Department of Justice, which prohibits employees from participating in an investigation or prosecution of a person with whom they have a personal, familial, or political relationship.
The Panel did not identify obvious evidence of systematic bias or favoritism. Nevertheless, because of data limitations, the Panel cannot determine the level of consistency in the Commissioner’s disciplinary decisions. It is also clear that there is significant suspicion and speculation by the public that disciplinary decisions are not always fair, evenhanded, and consistent. The Panel therefore recommends that the Department study and consider adopting a disciplinary matrix to help guide the Commissioner in exercising his broad discretion and to address public perceptions and misgivings about the disposition of cases and the imposition of appropriate penalties.
The Patrol Guide already offers limited guidelines for penalties with respect to certain offenses. For instance, Patrol Guide § 203-04 stipulates that dismissal is the presumptive penalty for the misuse of a firearm while unfit for duty due to excessive alcohol consumption. But the Patrol Guide provides for a presumptive penalty for only a handful of violations. What is needed is a more comprehensive, stand-alone framework governing all disciplinary cases, or at least for the most serious charges.
The Panel notes that several large city police departments have successfully implemented disciplinary matrices that may serve as useful models. The Panel is aware that the NYPD has considered the implementation of a matrix in the past, and strongly urges the Department to develop and adopt a nonbinding disciplinary matrix and launch a pilot program to test its efficacy. The Panel believes the Department will benefit from implementing a matrix for at least three reasons.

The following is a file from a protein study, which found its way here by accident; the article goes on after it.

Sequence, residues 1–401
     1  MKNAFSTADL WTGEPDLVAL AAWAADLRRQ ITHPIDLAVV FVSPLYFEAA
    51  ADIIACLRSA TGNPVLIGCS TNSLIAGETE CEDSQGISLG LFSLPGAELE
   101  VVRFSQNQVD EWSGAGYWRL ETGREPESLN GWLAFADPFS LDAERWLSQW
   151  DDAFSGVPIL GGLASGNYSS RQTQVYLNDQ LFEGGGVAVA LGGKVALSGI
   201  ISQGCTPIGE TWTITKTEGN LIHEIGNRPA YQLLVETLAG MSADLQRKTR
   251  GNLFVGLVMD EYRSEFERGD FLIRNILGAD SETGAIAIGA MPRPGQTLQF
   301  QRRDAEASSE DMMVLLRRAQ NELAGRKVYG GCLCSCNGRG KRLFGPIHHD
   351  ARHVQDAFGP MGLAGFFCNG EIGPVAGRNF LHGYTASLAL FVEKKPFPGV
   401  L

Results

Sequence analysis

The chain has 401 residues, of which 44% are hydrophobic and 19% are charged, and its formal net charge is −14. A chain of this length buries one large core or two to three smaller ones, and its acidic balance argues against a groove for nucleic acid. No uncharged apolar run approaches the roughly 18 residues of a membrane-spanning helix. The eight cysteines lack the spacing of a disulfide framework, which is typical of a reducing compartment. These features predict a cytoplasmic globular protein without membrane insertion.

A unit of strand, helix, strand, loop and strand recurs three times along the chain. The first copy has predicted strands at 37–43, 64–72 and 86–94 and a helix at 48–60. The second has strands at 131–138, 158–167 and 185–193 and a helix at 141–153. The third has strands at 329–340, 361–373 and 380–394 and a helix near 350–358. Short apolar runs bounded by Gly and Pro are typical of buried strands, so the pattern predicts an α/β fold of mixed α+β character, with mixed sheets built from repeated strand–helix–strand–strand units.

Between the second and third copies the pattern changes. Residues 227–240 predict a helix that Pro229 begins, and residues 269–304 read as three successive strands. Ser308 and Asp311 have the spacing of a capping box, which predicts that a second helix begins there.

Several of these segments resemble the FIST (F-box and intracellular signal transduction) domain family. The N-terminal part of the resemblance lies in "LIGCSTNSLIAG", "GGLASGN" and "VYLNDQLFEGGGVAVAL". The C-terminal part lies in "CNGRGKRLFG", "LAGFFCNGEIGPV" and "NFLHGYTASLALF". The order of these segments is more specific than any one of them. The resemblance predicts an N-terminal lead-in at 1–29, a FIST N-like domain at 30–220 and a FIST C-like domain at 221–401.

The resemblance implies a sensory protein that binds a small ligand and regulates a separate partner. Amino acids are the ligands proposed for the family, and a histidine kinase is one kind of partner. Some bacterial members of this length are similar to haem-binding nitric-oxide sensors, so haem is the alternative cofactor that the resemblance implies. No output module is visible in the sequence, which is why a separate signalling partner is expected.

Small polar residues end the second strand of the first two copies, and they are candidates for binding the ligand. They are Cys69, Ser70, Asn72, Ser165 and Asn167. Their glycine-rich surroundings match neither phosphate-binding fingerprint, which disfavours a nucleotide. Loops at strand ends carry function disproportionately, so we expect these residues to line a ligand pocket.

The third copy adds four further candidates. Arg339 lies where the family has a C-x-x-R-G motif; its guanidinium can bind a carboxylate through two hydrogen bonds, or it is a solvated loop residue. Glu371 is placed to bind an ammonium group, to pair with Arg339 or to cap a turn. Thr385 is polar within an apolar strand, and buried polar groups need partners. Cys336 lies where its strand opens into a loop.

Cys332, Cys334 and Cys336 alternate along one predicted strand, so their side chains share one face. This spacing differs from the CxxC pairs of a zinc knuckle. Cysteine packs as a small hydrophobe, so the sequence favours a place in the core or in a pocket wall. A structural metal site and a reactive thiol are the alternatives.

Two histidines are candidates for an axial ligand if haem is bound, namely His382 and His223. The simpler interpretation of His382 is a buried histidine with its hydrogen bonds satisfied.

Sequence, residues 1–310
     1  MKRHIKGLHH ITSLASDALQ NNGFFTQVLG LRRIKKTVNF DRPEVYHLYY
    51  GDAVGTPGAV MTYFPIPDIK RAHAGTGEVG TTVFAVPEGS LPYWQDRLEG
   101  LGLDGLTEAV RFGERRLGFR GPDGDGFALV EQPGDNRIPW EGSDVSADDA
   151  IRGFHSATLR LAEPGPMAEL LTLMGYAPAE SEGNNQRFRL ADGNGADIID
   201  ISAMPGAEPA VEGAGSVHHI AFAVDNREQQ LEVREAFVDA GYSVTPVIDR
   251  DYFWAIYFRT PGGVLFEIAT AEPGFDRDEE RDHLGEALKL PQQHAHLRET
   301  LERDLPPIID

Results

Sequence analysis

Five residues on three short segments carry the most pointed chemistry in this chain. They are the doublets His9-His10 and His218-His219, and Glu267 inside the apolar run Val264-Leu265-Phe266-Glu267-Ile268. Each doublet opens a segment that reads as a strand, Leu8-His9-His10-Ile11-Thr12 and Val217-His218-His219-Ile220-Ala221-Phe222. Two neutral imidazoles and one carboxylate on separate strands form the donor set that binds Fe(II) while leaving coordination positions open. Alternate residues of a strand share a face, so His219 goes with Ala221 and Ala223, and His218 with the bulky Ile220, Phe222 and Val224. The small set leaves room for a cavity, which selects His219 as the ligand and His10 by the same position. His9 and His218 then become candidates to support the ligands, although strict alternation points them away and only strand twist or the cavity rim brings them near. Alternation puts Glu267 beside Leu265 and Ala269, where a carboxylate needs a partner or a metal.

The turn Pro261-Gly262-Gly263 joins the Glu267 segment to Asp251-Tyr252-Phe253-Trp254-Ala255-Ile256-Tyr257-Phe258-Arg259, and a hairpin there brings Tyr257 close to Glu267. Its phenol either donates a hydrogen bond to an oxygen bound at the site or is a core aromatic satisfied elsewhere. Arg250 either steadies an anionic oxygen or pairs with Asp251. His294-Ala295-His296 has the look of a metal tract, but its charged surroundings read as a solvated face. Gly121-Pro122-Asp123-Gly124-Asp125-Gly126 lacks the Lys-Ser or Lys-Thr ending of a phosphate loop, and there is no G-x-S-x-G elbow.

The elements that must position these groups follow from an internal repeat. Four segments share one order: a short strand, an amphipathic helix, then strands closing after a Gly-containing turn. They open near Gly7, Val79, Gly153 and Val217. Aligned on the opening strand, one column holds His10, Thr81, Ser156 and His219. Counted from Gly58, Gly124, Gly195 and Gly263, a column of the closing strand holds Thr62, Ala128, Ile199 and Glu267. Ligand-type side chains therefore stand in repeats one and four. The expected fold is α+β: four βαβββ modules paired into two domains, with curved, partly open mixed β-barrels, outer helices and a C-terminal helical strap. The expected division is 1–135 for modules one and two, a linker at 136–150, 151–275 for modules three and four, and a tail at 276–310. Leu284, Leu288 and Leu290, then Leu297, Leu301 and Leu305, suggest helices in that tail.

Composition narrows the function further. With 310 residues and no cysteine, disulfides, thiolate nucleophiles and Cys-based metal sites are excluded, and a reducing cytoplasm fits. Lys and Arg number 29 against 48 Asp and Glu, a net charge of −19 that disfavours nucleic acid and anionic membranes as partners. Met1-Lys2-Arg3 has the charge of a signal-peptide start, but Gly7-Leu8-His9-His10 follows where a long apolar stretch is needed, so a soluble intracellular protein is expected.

First, even the perception of favoritism or systematic bias can undermine confidence in the legitimacy of the disciplinary system in the eyes of Department personnel and the public. Indeed, recent studies have found that disciplinary matrices may increase perceived organizational support for police departments among police officers. Further, a disciplinary
 See generally 28 C.F.R. § 45.2.
 The Panel did not review, more generally, whether the penalties the Department imposes for specific offenses are appropriate to accomplish the goals of the disciplinary system. The Panel recommends that the Department undertake such a review as it considers the adoption of a disciplinary matrix.
 See, e.g., Los Angeles Police Department, Penalty Guide and Penalty Assessment Factors (Sept. 15, 2016), available at http://assets.lapdonline.org/assets/pdf/AO_15.pdf; Denver Police Department, Discipline Handbook: Conduct Principles and Disciplinary Guidelines Appendix F (May 3, 2018), available at https://www.denvergov.org/content/dam/denvergov/Portals/744/documents/handbooks/dpd-discipline-handbook.pdf.
 See Paul D. Reynolds & Richard C. Helfers, Do Disciplinary Matrices Moderate the Effects of Prior Disciplinary Actions on Perceived Organizational Support (POS) Among Police Officers?, 20(4) Int’l J. Police Sci. & Mgmt. 272 (2018).